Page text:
Government

Will the Real Preservationist Please Stand Up?

San Francisco's water supply from the Hetch Hetchy Valley is a contentious issue.

Caroline C. Lewis · Jul. 26, 2018

Over 100 years ago, the Hetch Hetchy Valley located in Yosemite National Park was dammed and made into a reservoir for the water supply of San Francisco and surrounding areas. This stands as the only time in American history when a single city has used a national park for its own exclusive benefit. How did this happen?

The Hetch Hetchy Valley was located in a national park, and thus fell under the protection of the federal government. Congressional debate occurred between 1908 and 1913 and Congress ultimately passed a bill, signed by President Woodrow Wilson on Dec. 9, 1913. The great controversy and regret of destroying the valley spurred the creation in 1916 of the National Park Service Act, which protected national parks for the enjoyment of all Americans. Yet the environmental blemish of damming and flooding a national park for water storage remains.

Interior Secretary Ryan Zinke has shown interest in restoring the Hetch Hetchy Valley in Yosemite National Park. Zinke met on Sunday in Yosemite with Restore Hetch Hetchy, a group dedicated to draining the dam and restoring this land as a national treasure.

Earlier this month, Restore Hetch Hetchy lost a lawsuit at the California Fifth District Court of Appeal. While California’s Constitution requires that the “method of diversion” for water be “reasonable,” the court ruled that San Francisco’s use of the Hetch Hetchy Valley as a reservoir did not need to meet that requirement. Restore Hetch Hetchy will now appeal its case to the California Supreme Court.

In terms of government involvement, in 1987, President Ronald Reagan’s secretary of the interior, Donald Hodel, supported draining the dam and restoring the Hetch Hetchy Valley. Restore Hetch Hetchy has sought meetings with the U.S. secretary of the interior since 2000. According to The Wall Street Journal, President George W. Bush “contemplated a feasibility study” ultimately blocked by powerful San Francisco interests including Democrat Sen. Dianne Feinstein. Democrat House Minority Leader Nancy Pelosi also stands in opposition to restoring the valley. In addition, Barack Obama made a speech at Yosemite in June 2016, but did not mention Hetch Hetchy.

Maybe we should follow the money. As a result of the Raker Act of 1913, San Francisco “rents” the Hetch Hetchy Valley for a mere $30,000 per year — roughly the same yearly amount as a downtown San Francisco studio apartment.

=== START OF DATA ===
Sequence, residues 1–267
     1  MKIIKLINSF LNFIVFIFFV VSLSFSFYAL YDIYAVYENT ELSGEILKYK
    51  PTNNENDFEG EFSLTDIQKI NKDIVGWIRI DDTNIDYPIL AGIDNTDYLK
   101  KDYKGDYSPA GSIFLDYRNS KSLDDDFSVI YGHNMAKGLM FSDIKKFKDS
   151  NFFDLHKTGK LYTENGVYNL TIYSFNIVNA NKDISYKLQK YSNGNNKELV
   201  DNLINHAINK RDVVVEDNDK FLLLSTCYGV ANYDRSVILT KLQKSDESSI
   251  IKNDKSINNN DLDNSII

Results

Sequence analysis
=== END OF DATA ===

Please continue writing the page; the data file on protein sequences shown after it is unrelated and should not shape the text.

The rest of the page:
Opponents of Restore Hetch Hetchy argue that the 2.5 million residents in the Bay Area need water. Proponents contend that system improvements, water recycling, and underground water containment could give the people of San Francisco water and leave Hetch Hetchy, formerly a national treasure comparable in beauty to Yosemite, for the American people.

In 2004, Sierra Club President Larry Fahn stated:

“Now is the time to complete a full analysis of the feasibility and many benefits of bringing back the treasure of Hetch Hetchy Valley in Yosemite. The restoration plan would not "lose” the resource, or require “another clean source of water.” The plan envisions simply collecting and storing the very same water somewhere downslope from Yosemite National Park in the high Sierra.“

Several studies discuss the feasibility of San Francisco’s water supply without the reservoir, including the Environmental Defense Fund’s Paradise Regained and the Cherry Intertie Alternative, the UC Davis study called Re-Assembling Hetch Hetchy, and the U.S. Bureau of Reclamation study. Multiple studies also confirm the feasibility of restoring the Hetch Hetchy Valley, including those by the National Park Service and University of Wisconsin.

The Hetch Hetchy controversy highlights the tension between local political interests and national values. It also highlights Democrat hypocrisy regarding the environment. Those open to restoring Hetch Hetchy have been the secretaries of interior under two Republican presidents — Reagan and now Donald Trump. Those who fiercely oppose restoration include Democrats Feinstein and Pelosi. Democrat Barack Obama, the "environmental crusader,” did nothing. Ironically, those assumed to be environmentalists may not be. And conservatives, long berated as anti-environment, are actually for conservation and preservation.

Will the real preservationist please stand up? You may be surprised who does.

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